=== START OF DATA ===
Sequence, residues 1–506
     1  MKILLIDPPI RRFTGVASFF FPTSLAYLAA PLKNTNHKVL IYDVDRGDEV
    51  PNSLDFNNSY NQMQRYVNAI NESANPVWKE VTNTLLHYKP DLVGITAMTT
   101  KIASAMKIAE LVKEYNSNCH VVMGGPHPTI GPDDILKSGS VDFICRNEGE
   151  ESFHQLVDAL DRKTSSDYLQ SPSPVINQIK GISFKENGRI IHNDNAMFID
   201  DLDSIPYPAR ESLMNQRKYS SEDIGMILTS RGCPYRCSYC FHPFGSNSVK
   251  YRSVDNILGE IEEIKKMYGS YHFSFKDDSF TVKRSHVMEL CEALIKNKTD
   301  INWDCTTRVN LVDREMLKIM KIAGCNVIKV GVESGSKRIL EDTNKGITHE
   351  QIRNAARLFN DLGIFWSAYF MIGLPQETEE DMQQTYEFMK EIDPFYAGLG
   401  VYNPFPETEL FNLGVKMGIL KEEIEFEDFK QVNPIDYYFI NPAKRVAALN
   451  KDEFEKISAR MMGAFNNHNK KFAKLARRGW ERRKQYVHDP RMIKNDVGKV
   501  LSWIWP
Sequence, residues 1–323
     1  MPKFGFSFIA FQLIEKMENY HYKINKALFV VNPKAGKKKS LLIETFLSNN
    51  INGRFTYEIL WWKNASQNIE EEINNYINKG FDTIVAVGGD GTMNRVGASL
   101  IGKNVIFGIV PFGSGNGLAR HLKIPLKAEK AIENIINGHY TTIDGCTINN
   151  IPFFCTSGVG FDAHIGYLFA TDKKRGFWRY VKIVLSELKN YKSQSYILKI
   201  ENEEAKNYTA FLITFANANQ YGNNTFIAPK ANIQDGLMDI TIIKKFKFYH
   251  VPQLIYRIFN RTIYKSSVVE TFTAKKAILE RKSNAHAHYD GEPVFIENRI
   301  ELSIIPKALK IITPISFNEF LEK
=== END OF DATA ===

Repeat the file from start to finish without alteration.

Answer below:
Sequence, residues 1–506
     1  MKILLIDPPI RRFTGVASFF FPTSLAYLAA PLKNTNHKVL IYDVDRGDEV
    51  PNSLDFNNSY NQMQRYVNAI NESANPVWKE VTNTLLHYKP DLVGITAMTT
   101  KIASAMKIAE LVKEYNSNCH VVMGGPHPTI GPDDILKSGS VDFICRNEGE
   151  ESFHQLVDAL DRKTSSDYLQ SPSPVINQIK GISFKENGRI IHNDNAMFID
   201  DLDSIPYPAR ESLMNQRKYS SEDIGMILTS RGCPYRCSYC FHPFGSNSVK
   251  YRSVDNILGE IEEIKKMYGS YHFSFKDDSF TVKRSHVMEL CEALIKNKTD
   301  INWDCTTRVN LVDREMLKIM KIAGCNVIKV GVESGSKRIL EDTNKGITHE
   351  QIRNAARLFN DLGIFWSAYF MIGLPQETEE DMQQTYEFMK EIDPFYAGLG
   401  VYNPFPETEL FNLGVKMGIL KEEIEFEDFK QVNPIDYYFI NPAKRVAALN
   451  KDEFEKISAR MMGAFNNHNK KFAKLARRGW ERRKQYVHDP RMIKNDVGKV
   501  LSWIWP
Sequence, residues 1–323
     1  MPKFGFSFIA FQLIEKMENY HYKINKALFV VNPKAGKKKS LLIETFLSNN
    51  INGRFTYEIL WWKNASQNIE EEINNYINKG FDTIVAVGGD GTMNRVGASL
   101  IGKNVIFGIV PFGSGNGLAR HLKIPLKAEK AIENIINGHY TTIDGCTINN
   151  IPFFCTSGVG FDAHIGYLFA TDKKRGFWRY VKIVLSELKN YKSQSYILKI
   201  ENEEAKNYTA FLITFANANQ YGNNTFIAPK ANIQDGLMDI TIIKKFKFYH
   251  VPQLIYRIFN RTIYKSSVVE TFTAKKAILE RKSNAHAHYD GEPVFIENRI
   301  ELSIIPKALK IITPISFNEF LEK